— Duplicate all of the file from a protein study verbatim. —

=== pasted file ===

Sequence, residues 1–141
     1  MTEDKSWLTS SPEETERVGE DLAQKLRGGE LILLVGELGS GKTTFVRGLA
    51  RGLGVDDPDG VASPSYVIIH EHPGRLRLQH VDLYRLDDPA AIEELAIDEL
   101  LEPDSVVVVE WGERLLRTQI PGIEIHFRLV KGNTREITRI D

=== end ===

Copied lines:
Sequence, residues 1–141
     1  MTEDKSWLTS SPEETERVGE DLAQKLRGGE LILLVGELGS GKTTFVRGLA
    51  RGLGVDDPDG VASPSYVIIH EHPGRLRLQH VDLYRLDDPA AIEELAIDEL
   101  LEPDSVVVVE WGERLLRTQI PGIEIHFRLV KGNTREITRI D